Supreme Court to Rule on Whether Muslim Inmate Can Wear Beard

The U.S. Supreme Court granted a handwritten petition from an Arkansas prisoner Monday, agreeing to decide whether banning beards in prison violates an inmate's religious freedom.

Gregory Holt, also known as Abdul Maalik Muhammad, says in his court filing that the state's prison grooming policy violates his belief that "Muslim males are not to shave their beards."

The state's refusal to grant exceptions, he argues, is oppressive and forces inmates "to either obey their religious beliefs and face disciplinary action on the one hand, or violate those beliefs in order to acquiesce" to the grooming policy.

Last fall, the Supreme Court granted Holt's request to maintain a half-inch long beard while his case worked its way through the appeals process.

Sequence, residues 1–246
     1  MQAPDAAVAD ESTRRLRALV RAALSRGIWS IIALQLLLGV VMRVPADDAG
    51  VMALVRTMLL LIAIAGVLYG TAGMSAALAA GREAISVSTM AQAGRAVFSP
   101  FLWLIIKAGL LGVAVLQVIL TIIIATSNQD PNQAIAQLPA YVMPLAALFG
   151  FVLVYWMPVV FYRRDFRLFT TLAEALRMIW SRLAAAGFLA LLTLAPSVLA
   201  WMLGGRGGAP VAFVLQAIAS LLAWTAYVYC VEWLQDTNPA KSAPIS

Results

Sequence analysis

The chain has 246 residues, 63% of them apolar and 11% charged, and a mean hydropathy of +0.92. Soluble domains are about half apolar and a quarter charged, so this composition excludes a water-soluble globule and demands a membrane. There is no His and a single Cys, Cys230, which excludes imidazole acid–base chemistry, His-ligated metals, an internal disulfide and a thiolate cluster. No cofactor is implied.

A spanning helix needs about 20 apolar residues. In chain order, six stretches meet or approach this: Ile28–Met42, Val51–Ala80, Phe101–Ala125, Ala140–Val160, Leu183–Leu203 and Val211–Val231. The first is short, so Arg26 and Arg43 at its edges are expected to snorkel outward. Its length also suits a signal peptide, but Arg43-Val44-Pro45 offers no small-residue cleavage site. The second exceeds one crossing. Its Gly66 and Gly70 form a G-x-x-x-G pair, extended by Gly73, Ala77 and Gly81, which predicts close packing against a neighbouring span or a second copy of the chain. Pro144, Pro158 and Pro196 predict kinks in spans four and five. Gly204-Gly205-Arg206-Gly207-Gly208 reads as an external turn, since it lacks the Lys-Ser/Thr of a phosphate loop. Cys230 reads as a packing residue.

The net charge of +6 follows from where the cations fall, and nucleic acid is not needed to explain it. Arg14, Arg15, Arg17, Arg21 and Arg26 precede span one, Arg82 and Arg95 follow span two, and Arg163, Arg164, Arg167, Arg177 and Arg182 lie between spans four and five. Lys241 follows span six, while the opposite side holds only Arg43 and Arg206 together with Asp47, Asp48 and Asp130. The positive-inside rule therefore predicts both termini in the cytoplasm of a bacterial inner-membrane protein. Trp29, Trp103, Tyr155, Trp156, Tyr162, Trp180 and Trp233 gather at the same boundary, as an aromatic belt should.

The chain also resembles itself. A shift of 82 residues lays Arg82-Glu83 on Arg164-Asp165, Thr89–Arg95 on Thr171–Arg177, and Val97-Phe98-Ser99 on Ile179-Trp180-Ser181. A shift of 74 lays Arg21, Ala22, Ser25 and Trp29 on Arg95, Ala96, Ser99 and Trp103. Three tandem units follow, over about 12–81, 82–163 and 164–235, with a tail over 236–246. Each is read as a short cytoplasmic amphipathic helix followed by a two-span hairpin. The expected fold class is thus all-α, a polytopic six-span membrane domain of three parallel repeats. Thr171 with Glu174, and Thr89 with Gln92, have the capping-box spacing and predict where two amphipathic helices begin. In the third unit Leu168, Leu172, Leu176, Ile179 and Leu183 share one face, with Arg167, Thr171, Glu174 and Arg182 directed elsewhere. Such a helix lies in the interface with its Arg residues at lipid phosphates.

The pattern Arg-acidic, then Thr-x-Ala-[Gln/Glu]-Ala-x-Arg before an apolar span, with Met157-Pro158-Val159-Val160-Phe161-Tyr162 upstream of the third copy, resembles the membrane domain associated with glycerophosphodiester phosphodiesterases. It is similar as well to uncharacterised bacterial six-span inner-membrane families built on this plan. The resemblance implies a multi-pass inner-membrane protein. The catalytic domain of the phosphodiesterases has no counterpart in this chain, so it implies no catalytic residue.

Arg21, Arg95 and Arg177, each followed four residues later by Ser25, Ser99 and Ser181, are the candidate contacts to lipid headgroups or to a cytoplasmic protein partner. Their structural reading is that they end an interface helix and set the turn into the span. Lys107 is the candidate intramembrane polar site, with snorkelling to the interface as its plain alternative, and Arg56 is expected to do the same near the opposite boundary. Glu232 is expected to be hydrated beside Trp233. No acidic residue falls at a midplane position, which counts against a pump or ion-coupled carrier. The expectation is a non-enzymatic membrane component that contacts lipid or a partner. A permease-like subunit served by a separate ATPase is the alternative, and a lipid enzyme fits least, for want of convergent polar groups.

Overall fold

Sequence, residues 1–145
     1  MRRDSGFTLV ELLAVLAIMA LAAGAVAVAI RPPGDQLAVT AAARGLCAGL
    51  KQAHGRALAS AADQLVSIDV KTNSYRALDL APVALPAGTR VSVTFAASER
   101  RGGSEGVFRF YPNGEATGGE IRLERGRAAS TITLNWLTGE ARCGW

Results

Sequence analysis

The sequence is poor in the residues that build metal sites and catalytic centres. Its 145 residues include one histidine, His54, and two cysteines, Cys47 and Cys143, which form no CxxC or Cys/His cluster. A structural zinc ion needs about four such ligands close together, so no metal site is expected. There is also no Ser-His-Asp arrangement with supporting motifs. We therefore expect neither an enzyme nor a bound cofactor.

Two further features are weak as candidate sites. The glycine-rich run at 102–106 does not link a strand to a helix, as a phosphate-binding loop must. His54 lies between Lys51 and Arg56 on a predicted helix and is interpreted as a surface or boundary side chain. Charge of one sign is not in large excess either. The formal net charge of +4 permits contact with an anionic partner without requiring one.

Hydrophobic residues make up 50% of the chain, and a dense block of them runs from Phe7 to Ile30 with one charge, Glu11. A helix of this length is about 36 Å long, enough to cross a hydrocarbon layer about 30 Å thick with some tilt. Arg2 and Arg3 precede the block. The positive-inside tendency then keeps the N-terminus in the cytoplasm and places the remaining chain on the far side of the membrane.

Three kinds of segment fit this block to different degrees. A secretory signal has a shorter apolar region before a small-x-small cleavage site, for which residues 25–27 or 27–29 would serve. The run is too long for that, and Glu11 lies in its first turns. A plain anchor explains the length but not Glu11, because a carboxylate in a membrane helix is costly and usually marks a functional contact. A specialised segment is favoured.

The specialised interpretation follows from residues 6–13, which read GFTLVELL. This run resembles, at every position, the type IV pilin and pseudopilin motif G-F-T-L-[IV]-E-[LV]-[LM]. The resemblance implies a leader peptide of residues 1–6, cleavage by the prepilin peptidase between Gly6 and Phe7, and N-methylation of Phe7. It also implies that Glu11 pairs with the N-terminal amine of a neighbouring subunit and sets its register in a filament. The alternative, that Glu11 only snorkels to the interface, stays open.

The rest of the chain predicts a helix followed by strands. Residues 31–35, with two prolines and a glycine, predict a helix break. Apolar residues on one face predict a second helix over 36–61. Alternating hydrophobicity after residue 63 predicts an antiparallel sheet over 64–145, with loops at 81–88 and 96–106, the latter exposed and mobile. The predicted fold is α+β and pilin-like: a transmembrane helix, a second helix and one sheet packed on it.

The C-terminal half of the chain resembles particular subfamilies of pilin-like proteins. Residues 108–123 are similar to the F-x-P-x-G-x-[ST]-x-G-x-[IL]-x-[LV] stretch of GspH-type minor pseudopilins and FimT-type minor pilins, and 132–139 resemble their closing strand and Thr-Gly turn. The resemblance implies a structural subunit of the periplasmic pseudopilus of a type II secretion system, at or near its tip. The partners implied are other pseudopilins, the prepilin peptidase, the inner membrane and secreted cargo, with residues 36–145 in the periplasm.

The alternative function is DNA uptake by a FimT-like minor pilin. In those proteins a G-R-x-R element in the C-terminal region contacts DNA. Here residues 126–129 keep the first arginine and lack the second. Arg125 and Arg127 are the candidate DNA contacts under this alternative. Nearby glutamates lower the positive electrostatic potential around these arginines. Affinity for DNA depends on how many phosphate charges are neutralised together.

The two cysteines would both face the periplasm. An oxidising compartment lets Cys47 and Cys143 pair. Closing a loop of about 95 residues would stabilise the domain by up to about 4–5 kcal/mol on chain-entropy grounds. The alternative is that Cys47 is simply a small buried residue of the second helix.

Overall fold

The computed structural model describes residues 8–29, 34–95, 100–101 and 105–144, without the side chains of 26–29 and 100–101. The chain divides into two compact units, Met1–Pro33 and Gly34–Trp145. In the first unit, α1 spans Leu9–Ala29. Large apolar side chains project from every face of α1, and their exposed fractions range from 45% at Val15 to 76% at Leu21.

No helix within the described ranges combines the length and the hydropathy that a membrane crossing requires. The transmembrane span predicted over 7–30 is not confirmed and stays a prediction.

The state says that inmate beards are a security risk: prisoners who grow them could quickly alter their appearance by shaving after an escape. State officials also contend that inmates hide contraband inside their cheeks "and any alteration to the appearance of the cheek would be masked by facial hair."

In addition, the state argues that allowing inmates to grow beards can lead to altercations when prison barbers are accused of trimming facial hair too short.

Holt, who did time for making a threat against President Bush's daughters before being convicted in 2010 of knifing his girlfriend, was sentenced to life in prison in 2010.

The Supreme Court rarely grants handwritten requests to hear a case, but it will accept them from indigent defendants who have no access to a typewriter or computer.

— Pete Williams
Gregory Houston Holt
Gregory Houston Holt, an Arkansas prisoner who says he should be allowed to keep a beard on religious grounds. Arkansas department of Corrections